The beach, homes, trees, cars, trucks were all burning. We approached and we loaded people aboard… we saved so many people, people who would have died – 100 percent. I want to say a huge thank you to my colleagues and the wonderful Egyptian fishermen.

Today I once again felt that it was worthwhile doing this job of being a fisherman.

One of the central cases in the trial of the Golden Dawn fascist group is the attempted murder of another Egyptian fisherman in Greece Abouzid Embarak, attacked along with relatives and friends late at night in their home.

The contrast between that fascist thuggery and the heroism shown on Monday night is not going unnoticed in working class Greece.

There is a considerable number of Bangladeshi immigrant workers in the fire-ravaged Rafina region also, working in the fields, as street vendors and other jobs.

Arif Rahman of the Bangladeshi Community Association issued an immediate call to all his compatriots living in the region to do everything they can to help their “brothers and sisters, the Greeks”.

Meanwhile, the health workers association of Istanbul, Turkey, has contacted its counterpart in Athens with offers of immediate practical assistance.

These are just a handful of the examples of popular, working class and internationalist solidarity that stands in such stark contrast to the profiteering and austerity on behalf of the bankers that are so directly responsible for this disaster.

You cannot avoid politics of the fires – the right certainly isn’t

Dimitris Koutsoumbas, general secretary of the Communist Party of Greece (KKE), on Tuesday broke the hypocritical consensus in parliament that politicians should not “politicise” the Rafina fires and instead just observe the calls for unity and national mourning.

He warned that the “national mourning… should not be an excuse to cover up the great responsibility of governments, including this government, over time” for the running down of infrastructure and rescue services, and for the lack of regulation on property developers.

Lest anyone claim that this is the left “playing party politics”, yesterday afternoon the right wing opposition New Democracy party held a theatrical “national meeting” ostensibly to discuss with an expert on forest fire prevention.

In fact it was blatantly a political intervention and designed to head off the share of blame coming its way for the austerity and construction profiteering over the years.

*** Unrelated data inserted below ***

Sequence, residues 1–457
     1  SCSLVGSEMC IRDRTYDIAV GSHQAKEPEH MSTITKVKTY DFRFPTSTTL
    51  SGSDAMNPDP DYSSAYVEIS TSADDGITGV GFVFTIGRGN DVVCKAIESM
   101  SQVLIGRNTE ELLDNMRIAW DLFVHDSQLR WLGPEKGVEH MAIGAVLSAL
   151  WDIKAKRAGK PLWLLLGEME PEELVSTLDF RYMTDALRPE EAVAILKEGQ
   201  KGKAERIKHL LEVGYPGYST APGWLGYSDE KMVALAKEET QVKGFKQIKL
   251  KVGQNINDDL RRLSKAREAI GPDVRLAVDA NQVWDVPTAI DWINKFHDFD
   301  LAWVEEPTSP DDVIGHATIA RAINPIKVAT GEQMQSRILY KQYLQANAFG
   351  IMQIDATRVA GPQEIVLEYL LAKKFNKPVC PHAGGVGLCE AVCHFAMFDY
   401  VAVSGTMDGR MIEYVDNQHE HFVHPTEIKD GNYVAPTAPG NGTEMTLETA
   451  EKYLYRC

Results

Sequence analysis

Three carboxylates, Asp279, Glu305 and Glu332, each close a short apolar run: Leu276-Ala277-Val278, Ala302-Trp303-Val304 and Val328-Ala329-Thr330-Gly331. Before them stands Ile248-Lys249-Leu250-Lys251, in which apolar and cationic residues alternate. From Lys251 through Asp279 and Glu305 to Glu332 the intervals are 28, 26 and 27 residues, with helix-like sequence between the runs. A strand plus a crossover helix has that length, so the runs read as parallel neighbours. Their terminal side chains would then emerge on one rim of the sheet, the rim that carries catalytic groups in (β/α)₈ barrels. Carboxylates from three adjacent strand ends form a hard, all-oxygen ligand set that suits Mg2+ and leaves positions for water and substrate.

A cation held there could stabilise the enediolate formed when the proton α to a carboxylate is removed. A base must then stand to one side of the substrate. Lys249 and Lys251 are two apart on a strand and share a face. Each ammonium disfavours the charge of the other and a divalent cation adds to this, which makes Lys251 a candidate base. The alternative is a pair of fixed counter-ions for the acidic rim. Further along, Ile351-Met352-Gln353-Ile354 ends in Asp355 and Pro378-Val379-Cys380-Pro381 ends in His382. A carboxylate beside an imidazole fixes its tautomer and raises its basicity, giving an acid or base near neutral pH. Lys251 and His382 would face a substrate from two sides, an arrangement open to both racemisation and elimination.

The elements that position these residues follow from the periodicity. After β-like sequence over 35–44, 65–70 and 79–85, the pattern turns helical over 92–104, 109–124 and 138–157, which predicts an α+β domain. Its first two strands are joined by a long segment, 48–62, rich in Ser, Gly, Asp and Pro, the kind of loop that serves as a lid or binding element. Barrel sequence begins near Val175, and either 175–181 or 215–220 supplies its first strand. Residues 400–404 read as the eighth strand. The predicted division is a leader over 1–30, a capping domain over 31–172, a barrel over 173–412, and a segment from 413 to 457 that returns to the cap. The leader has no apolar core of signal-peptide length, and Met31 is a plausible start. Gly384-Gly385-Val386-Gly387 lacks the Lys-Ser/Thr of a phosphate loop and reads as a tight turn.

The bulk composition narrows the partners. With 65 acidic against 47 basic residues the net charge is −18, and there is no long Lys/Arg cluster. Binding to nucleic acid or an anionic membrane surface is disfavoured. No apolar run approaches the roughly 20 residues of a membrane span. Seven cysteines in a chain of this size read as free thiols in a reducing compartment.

Some Syriza government officials have also sought to deflect rising anger and demands for answers by intimating, without evidence, that the fires were “not innocent” but started by arsonists trying to destablise the country.

That is an extremely dangerous and reckless propaganda operation which, were it not for the strong spirit of popular solidarity, could easily lead to paranoia about “an enemy within” and feed the conspiracists of the fascist right.

Meanwhile, many survivors are focusing national attention on the fact that it appears there was no evacuation plan for the area, which is full of local tourists in summer but has little in the way or good roads, health clinics and public services.

Without for a moment diminishing their grief or practical solidarity efforts, the demands from ordinary people for answers and for those in power to be held to account are growing.


Now would be a good time in the European states, including Britain, for people to raise the demand for at least a moratorium on the debt and interest payments by Greece which, through austerity, have resulted in the devastation of emergency and public services in Greece.

At the very least until the victims of the Rafina disaster are fully cared for and rehoused, and the fire service brought up to a level where future tragedy may be averted.

We can put pressure on our governments to do so, as a minimum – as  Merkel, Macron, May, Tusk and others shed their crocodile tears at the loss of life, which is mounting.

Greece is not in the middle of the forest fire season. It is only at the very start of it in what threatens to be a long, hot, dry and dangerous summer.

Kevin Ovenden

Kevin Ovenden is a progressive journalist who has followed politics and social movements for 25 years. He is a leading activist in solidarity with the Palestinian struggle, led five successful aid convoys to break the siege on Gaza, and was aboard the Mavi Marmara aid ship when Israeli commandoes boarded it killing 10 people in May 2010. He is author of Syriza: Inside the Labyrinth.